Also significant were two opinions by other judges. In one, the court addressed the recurring issues of equivalency applied to numerical and range limitations and to qualifiers such as “substantially.” Pozen Inc. v. Par Pharmaceutical (Sept. 28, 2012). The majority, by the recently-appointed Federal Circuit Judge Wallach, held that a claim, which required that a drug tablet layer have “substantially all” of an ingredient, and which was construed to mean “at least 90%,” was properly found infringed by equivalency by an accused tablet that had only 85% of the ingredient in the layer.

In another case, the court, in an opinion by Judge Prost, held that a district court erred in applying the “disclosure-dedication” rule and thus erred in granting summary judgment of no infringement under the doctrine of equivalents. Sandisk Corp. v. Kingston Technology Co., Inc. (Oct. 9, 2012).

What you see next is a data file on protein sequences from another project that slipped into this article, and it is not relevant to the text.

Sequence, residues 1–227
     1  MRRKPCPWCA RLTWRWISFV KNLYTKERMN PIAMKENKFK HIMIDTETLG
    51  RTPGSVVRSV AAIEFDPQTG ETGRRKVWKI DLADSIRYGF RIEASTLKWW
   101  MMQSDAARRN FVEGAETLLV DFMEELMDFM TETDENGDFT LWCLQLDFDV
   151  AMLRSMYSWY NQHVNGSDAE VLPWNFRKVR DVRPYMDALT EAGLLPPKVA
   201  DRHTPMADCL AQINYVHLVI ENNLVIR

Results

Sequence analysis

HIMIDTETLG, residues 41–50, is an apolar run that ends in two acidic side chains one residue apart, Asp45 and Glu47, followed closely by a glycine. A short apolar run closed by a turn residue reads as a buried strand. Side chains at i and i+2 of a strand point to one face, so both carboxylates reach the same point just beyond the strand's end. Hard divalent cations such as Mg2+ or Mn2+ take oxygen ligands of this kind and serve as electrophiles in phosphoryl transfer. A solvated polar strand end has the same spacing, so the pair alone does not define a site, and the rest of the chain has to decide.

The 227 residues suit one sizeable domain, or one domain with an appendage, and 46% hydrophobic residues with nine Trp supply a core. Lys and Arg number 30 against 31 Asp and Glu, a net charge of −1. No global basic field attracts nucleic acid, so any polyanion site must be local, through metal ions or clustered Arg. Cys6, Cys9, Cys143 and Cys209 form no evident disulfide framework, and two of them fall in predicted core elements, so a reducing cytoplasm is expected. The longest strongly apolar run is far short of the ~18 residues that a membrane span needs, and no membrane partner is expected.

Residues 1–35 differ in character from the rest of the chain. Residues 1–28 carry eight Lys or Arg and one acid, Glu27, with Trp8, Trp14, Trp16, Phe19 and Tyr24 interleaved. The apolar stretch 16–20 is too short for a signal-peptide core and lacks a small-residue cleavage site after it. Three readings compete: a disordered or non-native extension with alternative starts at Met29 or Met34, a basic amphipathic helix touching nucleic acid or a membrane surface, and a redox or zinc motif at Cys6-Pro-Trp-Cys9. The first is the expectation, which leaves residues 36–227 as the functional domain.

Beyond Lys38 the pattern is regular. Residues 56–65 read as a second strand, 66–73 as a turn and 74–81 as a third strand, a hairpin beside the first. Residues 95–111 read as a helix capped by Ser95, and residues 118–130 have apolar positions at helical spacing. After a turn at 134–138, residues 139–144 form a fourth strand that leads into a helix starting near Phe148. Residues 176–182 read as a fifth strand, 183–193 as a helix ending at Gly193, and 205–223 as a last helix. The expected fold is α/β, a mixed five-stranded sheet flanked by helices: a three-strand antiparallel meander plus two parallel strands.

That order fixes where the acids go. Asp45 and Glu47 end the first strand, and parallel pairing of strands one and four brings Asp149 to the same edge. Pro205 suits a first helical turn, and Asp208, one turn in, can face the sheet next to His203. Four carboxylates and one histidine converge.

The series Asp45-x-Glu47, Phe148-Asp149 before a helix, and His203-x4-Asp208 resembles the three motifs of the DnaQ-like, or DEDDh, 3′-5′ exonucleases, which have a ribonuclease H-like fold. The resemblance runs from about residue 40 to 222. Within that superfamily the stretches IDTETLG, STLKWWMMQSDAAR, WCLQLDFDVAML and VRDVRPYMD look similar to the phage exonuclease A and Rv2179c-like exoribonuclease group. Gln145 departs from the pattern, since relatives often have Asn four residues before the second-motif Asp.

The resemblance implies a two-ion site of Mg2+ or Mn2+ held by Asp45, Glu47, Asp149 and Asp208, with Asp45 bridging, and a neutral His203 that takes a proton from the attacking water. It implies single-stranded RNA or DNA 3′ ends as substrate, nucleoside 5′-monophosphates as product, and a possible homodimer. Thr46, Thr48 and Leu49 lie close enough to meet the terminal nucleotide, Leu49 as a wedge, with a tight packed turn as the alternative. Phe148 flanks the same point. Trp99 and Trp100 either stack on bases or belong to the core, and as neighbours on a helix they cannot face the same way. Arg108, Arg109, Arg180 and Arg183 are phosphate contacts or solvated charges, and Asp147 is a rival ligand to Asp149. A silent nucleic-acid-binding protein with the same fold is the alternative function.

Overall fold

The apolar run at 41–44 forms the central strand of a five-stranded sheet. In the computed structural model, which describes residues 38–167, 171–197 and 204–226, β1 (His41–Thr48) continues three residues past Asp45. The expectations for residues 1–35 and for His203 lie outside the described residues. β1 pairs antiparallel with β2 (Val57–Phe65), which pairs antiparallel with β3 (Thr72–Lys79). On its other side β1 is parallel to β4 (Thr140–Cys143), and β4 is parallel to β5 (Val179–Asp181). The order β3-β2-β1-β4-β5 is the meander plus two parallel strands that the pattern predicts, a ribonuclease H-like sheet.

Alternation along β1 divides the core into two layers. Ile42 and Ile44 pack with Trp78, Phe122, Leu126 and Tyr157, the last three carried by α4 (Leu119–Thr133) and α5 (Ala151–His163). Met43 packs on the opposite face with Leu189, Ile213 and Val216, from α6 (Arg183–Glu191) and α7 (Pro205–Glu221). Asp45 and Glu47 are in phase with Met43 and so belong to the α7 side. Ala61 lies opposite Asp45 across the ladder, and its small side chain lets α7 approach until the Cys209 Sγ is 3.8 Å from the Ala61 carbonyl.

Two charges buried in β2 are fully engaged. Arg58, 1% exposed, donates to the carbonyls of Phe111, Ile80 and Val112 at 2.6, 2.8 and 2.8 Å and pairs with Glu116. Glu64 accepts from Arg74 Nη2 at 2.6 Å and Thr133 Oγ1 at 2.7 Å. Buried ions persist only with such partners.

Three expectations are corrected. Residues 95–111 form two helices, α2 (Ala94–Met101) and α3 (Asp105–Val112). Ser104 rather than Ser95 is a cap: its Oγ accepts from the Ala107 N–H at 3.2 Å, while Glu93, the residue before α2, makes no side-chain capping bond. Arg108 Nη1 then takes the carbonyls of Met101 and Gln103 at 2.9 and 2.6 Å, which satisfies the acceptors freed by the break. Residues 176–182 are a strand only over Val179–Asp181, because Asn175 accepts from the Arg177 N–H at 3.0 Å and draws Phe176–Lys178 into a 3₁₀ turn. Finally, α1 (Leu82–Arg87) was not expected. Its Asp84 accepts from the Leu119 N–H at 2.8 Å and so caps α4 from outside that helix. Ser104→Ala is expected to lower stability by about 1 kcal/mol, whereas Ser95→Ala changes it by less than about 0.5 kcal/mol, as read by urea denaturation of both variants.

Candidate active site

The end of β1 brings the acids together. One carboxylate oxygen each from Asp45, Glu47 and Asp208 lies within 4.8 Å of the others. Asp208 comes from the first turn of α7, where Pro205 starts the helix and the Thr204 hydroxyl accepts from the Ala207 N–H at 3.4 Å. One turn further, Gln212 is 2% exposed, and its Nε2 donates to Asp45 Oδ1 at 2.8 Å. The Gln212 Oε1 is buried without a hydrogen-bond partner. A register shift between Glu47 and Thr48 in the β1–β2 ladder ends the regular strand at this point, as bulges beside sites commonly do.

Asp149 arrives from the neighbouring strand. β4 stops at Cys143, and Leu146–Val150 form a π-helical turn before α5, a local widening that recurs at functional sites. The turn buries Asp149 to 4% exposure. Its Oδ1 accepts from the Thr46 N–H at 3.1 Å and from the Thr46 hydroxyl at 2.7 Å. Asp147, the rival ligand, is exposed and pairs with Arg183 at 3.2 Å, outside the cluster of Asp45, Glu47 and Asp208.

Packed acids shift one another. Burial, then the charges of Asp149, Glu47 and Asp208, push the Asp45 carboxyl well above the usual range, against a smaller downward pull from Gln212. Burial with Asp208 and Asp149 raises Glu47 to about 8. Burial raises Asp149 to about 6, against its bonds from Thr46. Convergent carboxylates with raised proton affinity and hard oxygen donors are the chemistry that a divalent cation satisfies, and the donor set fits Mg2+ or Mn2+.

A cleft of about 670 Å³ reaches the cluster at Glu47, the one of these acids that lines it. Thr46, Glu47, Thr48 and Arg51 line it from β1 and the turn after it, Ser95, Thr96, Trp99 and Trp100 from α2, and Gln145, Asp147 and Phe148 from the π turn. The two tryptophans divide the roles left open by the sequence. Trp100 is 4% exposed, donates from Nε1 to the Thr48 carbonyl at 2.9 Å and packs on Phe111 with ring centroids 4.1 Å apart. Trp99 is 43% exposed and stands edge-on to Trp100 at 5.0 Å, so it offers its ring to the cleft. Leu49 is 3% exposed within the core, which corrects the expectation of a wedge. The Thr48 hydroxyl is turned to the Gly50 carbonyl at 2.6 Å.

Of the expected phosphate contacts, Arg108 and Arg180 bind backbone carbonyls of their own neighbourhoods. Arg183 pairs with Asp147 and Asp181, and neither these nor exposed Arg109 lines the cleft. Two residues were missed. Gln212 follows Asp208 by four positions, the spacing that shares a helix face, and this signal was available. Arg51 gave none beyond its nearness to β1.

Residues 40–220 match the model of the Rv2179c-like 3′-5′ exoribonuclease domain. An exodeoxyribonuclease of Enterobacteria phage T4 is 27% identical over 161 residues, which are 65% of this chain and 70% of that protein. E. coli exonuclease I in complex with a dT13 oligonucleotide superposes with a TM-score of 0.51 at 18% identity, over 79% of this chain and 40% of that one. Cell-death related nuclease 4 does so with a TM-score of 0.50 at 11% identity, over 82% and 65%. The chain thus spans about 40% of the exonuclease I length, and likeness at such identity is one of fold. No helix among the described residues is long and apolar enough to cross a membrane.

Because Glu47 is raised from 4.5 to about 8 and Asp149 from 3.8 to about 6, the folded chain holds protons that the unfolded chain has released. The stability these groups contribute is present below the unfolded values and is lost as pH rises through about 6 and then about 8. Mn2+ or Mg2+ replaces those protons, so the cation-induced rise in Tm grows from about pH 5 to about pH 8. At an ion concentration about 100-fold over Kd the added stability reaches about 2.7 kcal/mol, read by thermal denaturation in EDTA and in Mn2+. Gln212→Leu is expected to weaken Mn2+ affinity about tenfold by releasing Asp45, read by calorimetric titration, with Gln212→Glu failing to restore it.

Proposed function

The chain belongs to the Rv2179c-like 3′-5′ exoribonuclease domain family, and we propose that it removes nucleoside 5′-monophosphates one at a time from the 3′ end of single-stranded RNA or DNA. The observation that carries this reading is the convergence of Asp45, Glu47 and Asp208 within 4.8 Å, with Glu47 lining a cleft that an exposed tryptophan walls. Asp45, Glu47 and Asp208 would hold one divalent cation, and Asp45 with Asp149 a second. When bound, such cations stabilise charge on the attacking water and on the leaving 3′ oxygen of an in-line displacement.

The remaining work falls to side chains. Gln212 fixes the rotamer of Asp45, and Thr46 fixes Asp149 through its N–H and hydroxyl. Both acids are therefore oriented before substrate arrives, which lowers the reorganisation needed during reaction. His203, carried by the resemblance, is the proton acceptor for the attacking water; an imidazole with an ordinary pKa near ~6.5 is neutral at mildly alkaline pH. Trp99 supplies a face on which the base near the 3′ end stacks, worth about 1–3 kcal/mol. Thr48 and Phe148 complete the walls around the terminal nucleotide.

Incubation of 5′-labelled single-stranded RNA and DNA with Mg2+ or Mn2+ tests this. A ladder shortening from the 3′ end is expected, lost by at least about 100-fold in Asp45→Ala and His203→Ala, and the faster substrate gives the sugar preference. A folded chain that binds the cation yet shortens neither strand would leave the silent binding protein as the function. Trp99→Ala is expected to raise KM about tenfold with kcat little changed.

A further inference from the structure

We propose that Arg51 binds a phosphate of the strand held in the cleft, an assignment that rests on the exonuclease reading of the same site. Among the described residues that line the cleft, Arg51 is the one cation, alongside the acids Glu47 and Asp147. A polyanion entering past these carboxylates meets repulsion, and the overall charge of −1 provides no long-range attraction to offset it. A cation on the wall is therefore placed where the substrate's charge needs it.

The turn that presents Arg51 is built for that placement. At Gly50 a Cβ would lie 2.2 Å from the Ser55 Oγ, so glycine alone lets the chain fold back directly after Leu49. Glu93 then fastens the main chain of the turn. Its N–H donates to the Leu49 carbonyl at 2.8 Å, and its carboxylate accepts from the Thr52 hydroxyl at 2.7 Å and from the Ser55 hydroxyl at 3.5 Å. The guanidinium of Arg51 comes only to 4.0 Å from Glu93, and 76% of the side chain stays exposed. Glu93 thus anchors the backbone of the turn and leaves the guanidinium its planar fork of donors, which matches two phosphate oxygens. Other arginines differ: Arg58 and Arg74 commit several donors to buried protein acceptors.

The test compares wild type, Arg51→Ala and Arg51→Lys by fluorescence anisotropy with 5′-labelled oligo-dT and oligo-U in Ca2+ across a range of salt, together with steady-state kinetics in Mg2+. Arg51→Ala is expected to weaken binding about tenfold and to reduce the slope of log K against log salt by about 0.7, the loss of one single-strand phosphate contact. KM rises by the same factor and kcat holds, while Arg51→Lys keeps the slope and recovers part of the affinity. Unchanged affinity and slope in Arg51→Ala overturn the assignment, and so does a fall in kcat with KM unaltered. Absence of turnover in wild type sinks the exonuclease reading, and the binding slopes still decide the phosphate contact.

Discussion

In the other four cases, the Federal Circuit concluded, essentially, that asserted equivalents were not sufficiently equivalent or involved completely missing claim limitations or failure to claim literally well-known interchangeable elements. Technology Patents LLC v. T-Mobile Ltd. (Oct. 17, 2012); Mirror Worlds, LLC v. Apple Inc. (Sept. 4, 2012); General Electric Co. v. U.S. Int’l Trade Comm’n (July 6, 2012); Wm. Wrigley Jr. Co. v. Cadbury Adams USA LLC (June 22, 2012).

One may ask: why would there be renewed judicial interest in the doctrine of equivalents? One possibility: developments in other areas of patent law, such as the “abstract idea” restriction on Section 101 patent eligible subject matter, are creating pressures on patent applicants to formulate claims that are specific and narrow in literal scope. Courts may use a more robust doctrine of equivalents to provide a scope of protection that is determined to be appropriate in view of the patent’s disclosure, the prior art, and the development of the pertinent technology after a patent’s effective filing date.